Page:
Last Chance - Restoring the Louisiana Black Bear in Louisiana

Figure 1. The Louisiana black bear lives in the purple, blue and brown areas of the state. Wildlife officials are trying to establish a population in the green area and promote a corridor (yellow) of distribution. (Illustration by Barbara Corns)

Michael J. Chamberlain

The Louisiana black bear was once distributed throughout eastern Texas, southern Arkansas, Louisiana and southern Mississippi. By the early 1900s, however, Louisiana black bear populations in this region were decimated from excessive harvest and habitat loss and degradation. Only about 300 Louisiana black bears are left in Louisiana, and they are restricted to the Tensas and Atchafalaya river basins and isolated sections along the Mississippi River corridor. A few Louisiana black bears live in the lower East Pearl River and the lower Pascagoula River basins in southern Mississippi.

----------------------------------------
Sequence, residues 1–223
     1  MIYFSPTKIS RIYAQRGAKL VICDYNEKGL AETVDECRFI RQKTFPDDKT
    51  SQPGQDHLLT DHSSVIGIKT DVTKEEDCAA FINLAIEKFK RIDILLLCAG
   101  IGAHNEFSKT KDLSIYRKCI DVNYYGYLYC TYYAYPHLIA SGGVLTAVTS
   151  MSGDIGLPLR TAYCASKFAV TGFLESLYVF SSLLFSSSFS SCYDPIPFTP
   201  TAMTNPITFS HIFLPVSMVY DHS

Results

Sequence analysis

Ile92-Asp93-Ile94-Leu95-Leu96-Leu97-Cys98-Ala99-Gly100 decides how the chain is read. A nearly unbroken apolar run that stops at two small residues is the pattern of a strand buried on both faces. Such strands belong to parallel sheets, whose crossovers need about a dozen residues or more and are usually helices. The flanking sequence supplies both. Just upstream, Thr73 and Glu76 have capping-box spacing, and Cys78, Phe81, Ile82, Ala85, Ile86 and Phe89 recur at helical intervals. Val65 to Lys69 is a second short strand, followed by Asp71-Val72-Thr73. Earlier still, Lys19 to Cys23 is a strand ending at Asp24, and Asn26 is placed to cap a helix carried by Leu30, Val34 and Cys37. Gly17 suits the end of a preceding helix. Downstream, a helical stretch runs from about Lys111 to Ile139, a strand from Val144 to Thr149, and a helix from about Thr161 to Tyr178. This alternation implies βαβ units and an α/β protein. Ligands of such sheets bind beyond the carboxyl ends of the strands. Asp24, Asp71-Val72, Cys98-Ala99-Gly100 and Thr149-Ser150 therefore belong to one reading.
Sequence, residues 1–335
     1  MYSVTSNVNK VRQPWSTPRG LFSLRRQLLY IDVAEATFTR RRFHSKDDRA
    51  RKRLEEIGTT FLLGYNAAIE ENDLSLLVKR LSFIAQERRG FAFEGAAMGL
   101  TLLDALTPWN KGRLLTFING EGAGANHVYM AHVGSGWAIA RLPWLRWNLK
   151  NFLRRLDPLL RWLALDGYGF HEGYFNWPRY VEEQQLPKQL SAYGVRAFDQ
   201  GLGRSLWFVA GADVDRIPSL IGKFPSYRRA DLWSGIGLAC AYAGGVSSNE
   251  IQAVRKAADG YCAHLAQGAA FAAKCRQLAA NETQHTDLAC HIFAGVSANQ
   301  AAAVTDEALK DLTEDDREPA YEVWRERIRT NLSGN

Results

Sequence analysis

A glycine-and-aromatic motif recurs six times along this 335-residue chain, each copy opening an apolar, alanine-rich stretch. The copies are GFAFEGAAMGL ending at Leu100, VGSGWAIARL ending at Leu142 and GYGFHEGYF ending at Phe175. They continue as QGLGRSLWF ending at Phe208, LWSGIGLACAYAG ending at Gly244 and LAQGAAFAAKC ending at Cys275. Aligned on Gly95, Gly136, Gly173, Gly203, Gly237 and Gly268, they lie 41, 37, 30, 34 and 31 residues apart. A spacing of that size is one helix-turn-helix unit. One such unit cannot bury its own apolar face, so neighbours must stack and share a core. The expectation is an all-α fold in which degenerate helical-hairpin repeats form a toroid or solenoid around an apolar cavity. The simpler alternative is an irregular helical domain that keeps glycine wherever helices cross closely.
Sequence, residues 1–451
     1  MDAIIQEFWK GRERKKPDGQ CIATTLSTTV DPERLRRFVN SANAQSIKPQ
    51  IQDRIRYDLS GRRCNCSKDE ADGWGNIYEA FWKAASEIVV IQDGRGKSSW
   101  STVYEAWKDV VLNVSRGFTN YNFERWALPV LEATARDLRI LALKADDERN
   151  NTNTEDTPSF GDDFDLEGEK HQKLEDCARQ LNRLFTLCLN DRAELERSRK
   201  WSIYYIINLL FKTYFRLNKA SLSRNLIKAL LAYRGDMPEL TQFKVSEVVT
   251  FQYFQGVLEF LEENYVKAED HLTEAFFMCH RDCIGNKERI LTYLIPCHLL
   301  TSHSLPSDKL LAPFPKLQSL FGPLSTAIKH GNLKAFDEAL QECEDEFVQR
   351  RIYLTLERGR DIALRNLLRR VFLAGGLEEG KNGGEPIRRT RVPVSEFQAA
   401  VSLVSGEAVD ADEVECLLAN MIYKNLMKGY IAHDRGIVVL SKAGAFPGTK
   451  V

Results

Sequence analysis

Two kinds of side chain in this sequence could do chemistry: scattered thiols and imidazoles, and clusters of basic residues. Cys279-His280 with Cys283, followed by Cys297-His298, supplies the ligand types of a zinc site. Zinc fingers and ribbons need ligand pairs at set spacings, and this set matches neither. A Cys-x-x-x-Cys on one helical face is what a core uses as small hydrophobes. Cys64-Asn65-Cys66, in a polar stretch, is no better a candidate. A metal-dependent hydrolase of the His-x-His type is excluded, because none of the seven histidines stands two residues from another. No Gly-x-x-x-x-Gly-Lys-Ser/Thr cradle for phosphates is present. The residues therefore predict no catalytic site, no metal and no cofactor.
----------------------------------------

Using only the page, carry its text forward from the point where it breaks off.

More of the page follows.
Because of concern about the future of this species, three states – Louisiana, Mississippi and Texas – have listed the Louisiana black bear as protected. In 1992, further protection was provided through listing as threatened under the federal Endangered Species Act.

Through the cooperative efforts of state and federal agencies, research has been conducted on the Louisiana black bear for more than a decade. This research has detailed various aspects of bear activity, movements and habitat use. Using this database, a Black Bear Restoration Plan and a Black Bear Recovery Plan were developed in cooperation with the U.S. Fish and Wildlife Service and the Louisiana Black Bear Conservation Committee. The ultimate goal of conducting preliminary research and developing restoration and recovery plans is the de-listing of the Louisiana black bear as protected and, ultimately, removal of it from threatened status.

Black Bear Locations